Your body needs a small amount of cholesterol to function, but an imbalance between different types of cholesterol in the blood increases the risk of heart disease, one of the leading chronic diseases in Australia today.
About Â¾ of the cholesterol in your body is made in the liver and a small amount may come from the food you eat. Various factors affect blood cholesterol levels including your diet and lifestyle, body weight and genes.
Find Out Your Heart Age With The Heart Age Tool
Once you have your cholesterol results you can work out your risk of developing heart disease over the next 10 years using the NHS Heart Age Tool. You will get a more accurate result if you know your blood pressure numbers too. The heart age tool is designed for people aged 25 to 84.
Adults age 40-74 are also invited for NHS Health Checks which includes other simple tests to look at your heart health.
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What Are Normal Cholesterol Levels For Women
Women typically have lower cholesterol levels than men, until they reach menopause. After menopause, womens LDL levels often rise and HDL levels drop. Here are the normal cholesterol levels for women :
- Total cholesterol: 125 mg/dL to 200 mg/dL
- Non-HDL cholesterol: less than 130 mg/dL
- LDL cholesterol: less than 100 mg/dL
- HDL cholesterol: 50 mg/dL or higher
How Can I Raise My Hdl Level
If your HDL level is too low, lifestyle changes may help. These changes may also help prevent other diseases, and make you feel better overall:
- Eat a healthy diet. To raise your HDL level, you need to eat good fats instead of bad fats. This means limiting saturated fats, which include full-fat milk and cheese, high-fat meats like sausage and bacon, and foods made with butter, lard, and shortening. You should also avoid trans fats, which may be in some margarines, fried foods, and processed foods like baked goods. Instead, eat unsaturated fats, which are found in avocado, vegetable oils like olive oil, and nuts. Limit carbohydrates, especially sugar. Also try to eat more foods naturally high in fiber, such as oatmeal and beans.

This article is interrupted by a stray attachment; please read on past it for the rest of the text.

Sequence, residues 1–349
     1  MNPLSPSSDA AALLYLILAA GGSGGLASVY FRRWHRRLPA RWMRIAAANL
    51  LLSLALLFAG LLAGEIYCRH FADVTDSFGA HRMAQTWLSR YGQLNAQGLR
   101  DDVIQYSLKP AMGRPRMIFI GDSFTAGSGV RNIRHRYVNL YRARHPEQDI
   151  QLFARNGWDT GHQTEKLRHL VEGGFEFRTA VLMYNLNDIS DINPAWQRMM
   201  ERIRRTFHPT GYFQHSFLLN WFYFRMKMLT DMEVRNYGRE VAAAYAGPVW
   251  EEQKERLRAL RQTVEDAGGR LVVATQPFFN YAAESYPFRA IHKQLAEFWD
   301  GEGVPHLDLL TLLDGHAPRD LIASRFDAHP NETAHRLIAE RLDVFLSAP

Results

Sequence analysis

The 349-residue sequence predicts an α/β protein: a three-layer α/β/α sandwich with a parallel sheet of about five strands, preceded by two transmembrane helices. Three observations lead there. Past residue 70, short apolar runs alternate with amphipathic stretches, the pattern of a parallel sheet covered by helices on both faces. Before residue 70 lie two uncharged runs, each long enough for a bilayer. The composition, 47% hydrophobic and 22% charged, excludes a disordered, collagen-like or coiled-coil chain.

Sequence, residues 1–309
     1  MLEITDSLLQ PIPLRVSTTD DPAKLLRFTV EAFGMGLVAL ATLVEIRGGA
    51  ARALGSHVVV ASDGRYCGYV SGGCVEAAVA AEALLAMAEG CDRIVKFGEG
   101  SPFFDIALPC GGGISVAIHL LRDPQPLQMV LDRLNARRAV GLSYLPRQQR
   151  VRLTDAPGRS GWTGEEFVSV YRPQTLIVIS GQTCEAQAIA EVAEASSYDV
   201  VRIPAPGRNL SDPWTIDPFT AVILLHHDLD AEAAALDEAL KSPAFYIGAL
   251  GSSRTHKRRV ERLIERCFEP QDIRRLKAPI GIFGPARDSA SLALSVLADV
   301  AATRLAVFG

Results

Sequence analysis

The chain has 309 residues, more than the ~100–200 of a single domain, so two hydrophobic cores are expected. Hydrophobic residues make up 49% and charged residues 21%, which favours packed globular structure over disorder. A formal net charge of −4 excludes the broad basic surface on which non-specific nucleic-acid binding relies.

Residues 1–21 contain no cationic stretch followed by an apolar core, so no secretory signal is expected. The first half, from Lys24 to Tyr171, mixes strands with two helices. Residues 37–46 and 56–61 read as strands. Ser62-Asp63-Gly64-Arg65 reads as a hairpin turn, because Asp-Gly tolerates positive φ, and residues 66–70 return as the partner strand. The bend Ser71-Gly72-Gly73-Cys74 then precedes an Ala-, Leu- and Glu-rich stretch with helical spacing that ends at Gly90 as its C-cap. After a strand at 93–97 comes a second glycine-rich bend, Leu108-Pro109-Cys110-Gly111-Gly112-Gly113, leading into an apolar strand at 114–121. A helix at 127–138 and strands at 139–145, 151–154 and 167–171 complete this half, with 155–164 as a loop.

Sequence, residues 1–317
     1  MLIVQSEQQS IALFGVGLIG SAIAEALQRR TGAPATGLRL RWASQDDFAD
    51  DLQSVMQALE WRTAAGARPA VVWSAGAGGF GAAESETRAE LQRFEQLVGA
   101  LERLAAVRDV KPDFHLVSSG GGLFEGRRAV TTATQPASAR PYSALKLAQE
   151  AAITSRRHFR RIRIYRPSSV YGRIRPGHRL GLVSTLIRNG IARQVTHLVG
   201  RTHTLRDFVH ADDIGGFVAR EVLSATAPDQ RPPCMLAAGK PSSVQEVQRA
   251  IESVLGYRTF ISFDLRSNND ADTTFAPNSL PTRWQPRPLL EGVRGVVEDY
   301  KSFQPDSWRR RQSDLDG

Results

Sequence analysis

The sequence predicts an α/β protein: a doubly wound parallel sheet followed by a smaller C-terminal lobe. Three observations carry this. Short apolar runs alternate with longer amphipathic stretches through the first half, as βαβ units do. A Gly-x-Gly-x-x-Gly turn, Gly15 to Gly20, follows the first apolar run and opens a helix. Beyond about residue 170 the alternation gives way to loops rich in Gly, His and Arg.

- Stay at a healthy weight. You can boost your HDL level by losing weight, especially if you have lots of fat around your waist.
- Exercise. Getting regular exercise can raise your HDL level, as well as lower your LDL. You should try to do 30 minutes of moderate to vigorous aerobic exercise on most, if not all, days.
- Avoid cigarettes.Smoking and exposure to secondhand smoke can lower your HDL level. If you are a smoker, ask your health care provider for help in finding the best way for you to quit. You should also try to avoid secondhand smoke.
- Limit alcohol. Moderate alcohol may lower your HDL level, although more studies are needed to confirm that. What we do know is that too much alcohol can make you gain weight, and that lowers your HDL level.
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How Do I Know What My Hdl Level Is
A blood test can measure your cholesterol levels, including HDL. When and how often you should get this test depends on your age, risk factors, and family history. The general recommendations are:
For people who are age 19 or younger::
- The first test should be between ages 9 to 11
- Children should have the test again every 5 years
- Some children may have this test starting at age 2 if there is a family history of high blood cholesterol, heart attack, or stroke
For people who are age 20 or older::
- Younger adults should have the test every 5 years
- Men ages 45 to 65 and women ages 55 to 65 should have it every 1 to 2 years